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Gamecocks Bow out of NCAA Tournament to No. 9 Washington
Women's Volleyball  . 

Gamecocks Bow out of NCAA Tournament to No. 9 Washington

South Carolina ends the season with a 20-12 overall record

SEATTLE, WASH. – South Carolina volleyball saw its season end in the second round of the NCAA tournament Saturday night, losing to host Washington, 25-23, 26-24, 25-8. The Gamecocks end the season with a 20-12 overall record. Mikayla Shields led the offense with 11 kills, but the team would be uncharacteristically error-prone and allowed the Huskies to out-hit it .256 to .084 in the match.
SET ONE: The Gamecocks raced out to an early lead, stealing the momentum from the home side to force an early timeout leading 10-5. A 4-0 rally from Washington cut the deficit to two, 15-13, but Carolina answered back with a block from Claire Edwards out of a timeout that sparked three unanswered points. Washington’s offense would not go easily, making another rally that gave it the team’s first lead since 2-0, at 23-22. A kill from Britt McLean tied it up at 23, but Washington’s all-american pin hitter Kara Bajema’s eighth kill of the set paired with a Carolina attack error gave the Huskies the comeback win, 25-23.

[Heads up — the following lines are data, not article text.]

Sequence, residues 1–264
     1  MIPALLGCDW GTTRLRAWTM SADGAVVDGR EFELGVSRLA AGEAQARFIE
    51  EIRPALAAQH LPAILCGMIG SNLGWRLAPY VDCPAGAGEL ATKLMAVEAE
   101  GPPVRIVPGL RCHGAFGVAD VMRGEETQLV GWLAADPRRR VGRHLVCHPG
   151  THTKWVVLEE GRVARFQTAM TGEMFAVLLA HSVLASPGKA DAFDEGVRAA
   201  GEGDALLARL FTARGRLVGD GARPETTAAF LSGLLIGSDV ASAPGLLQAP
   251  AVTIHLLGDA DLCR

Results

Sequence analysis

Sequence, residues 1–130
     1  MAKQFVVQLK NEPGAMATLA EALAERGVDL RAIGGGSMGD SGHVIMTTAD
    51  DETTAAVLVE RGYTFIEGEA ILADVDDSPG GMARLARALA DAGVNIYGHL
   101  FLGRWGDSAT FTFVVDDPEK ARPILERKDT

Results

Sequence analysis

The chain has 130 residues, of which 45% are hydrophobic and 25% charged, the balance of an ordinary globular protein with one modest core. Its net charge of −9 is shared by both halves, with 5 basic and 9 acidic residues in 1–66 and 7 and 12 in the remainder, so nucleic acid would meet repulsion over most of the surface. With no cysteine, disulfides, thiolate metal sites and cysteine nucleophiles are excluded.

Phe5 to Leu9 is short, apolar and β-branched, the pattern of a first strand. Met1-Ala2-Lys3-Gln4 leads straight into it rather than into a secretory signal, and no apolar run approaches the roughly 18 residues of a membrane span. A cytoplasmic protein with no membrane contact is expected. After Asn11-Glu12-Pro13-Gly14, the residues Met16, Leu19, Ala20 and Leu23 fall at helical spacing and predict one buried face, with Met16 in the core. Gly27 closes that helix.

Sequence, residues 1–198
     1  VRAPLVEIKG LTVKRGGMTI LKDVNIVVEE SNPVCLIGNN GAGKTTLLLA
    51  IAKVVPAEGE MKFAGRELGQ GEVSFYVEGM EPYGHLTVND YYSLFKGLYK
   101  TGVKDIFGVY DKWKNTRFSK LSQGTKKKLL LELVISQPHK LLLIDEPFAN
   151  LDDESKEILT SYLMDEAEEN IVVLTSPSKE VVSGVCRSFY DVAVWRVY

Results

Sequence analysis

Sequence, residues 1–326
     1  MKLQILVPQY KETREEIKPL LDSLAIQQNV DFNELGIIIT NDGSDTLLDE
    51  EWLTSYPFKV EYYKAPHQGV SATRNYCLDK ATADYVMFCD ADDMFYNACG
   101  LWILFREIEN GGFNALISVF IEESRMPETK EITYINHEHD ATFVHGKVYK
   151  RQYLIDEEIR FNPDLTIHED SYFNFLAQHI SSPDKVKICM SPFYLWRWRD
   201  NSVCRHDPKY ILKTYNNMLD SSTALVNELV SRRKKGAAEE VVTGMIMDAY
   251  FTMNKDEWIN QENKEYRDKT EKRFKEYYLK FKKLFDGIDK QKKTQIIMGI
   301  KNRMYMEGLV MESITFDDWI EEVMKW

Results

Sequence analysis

SET TWO: The second set would be a battle early, with four lead changes and seven ties before either team passed 10 points. South Carolina was able to take the first run, getting big blocks from Edwards and Jess Vastine to push out to a 13-10 lead. After a quiet first set, Mikayla Robinson emerged as an offensive threat late in the second, providing four of the team’s first nine kills – her fourth advancing the team’s lead to 18-13. Washington used a 4-0 scoring run to rally late again, though, and tied the set back up at 21. After ties at 22 and 23, the Gamecocks held set point after a Mikayla Shields kill but were denied. The Huskies used a block and Gamecock attack error after that to take the set, 26-24.
SET THREE: Washington scored the sets first five points out of the break, two coming off blocks, and the Gamecocks called an early timeout. The offense was error-prone early, committing seven attack errors in the first 10 Husky points, and Washington closed out the match with a 25-8 score in the third.